It should be noted that other biasing schemes for programming with SSI are well known in the art and are permitted as well. For example, there are boost-based schemes for boosting the channel voltage in a selected memory cell. In such schemes, the selected wordline is often biased to Vdd while unselected wordlines are biased with a voltage, Vboost, which is greater than Vpass. Such boosting schemes take advantage of the channel capacitance of unselected cells. Hence, the strength of boosting increases as the number of wordlines increases and scales down as the device geometries scale down. Alternatively, the much larger BL capacitance can be used to provide the boost.
It should be additionally noted that SSI is very efficient in generating hot electrons in the channel of the selected transistor receiving the electrons and also provides very high efficiency in collecting these channel hot electrons into the floating gate. SSI also requires significantly less current than other modes of programming, improves reliability and allows for re-programming using on-chip charge pumps. Furthermore, by using a next neighbor word line as an injector, the programming voltage Vpgm is reduced over conventional FN programming methods, the channel voltage Vpp is reduced, there is no change in already existing NAND architecture, there is no reliance on tunnel oxide scaling, and any of a number of programming protocols are available.
Although only a few embodiments of the invention have been described in detail, it should be appreciated that the invention may be implemented in many other forms without departing from the spirit or scope of the invention. Although specific features and conditions have been described, it should be appreciated that a wide variety of implementations, such as bias conditions and method combinations, may be modified and employed as well. In addition, although in physical construction the present invention is applied to a conventional non-volatile memory system without modification, it should be appreciated by one skilled in the art that the structure could be modified to enhance the effects of the present invention. Accordingly, the present embodiments are to be considered as illustrative and not restrictive and the invention is not to be limited to the details given herein, but may be modified within the scope of the appended claims.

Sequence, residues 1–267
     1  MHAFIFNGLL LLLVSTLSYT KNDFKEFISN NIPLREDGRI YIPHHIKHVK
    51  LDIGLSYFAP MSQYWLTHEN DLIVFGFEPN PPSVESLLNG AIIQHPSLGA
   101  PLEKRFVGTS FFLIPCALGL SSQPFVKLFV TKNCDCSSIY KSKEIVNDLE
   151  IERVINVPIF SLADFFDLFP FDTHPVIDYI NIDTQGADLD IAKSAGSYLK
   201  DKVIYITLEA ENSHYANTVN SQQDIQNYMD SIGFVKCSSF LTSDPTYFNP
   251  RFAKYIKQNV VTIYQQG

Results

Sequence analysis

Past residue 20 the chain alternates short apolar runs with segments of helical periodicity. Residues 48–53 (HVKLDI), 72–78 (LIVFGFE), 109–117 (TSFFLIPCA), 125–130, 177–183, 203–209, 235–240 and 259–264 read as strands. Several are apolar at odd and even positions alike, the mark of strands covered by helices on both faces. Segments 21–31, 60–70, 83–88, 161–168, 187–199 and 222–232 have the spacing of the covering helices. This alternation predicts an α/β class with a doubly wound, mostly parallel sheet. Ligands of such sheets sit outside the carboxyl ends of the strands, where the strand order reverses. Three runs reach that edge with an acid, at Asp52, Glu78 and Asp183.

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|Citing Patent||Filing date||Publication date||Applicant||Title|
|US8310877||Jan 6, 2011||Nov 13, 2012||Freescale Semiconductor, Inc.||Read conditions for a non-volatile memory (NVM)|
|U.S. Classification||365/185.23, 365/185.28, 365/185.03, 365/185.21, 365/185.18|
|Cooperative Classification||G11C16/0483, G11C16/10|
|European Classification||G11C16/04N, G11C16/10|
|Dec 21, 2006||AS||Assignment|
Owner name: SANDISK CORPORATION, CALIFORNIA
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|May 4, 2011||AS||Assignment|
Owner name: SANDISK TECHNOLOGIES INC., TEXAS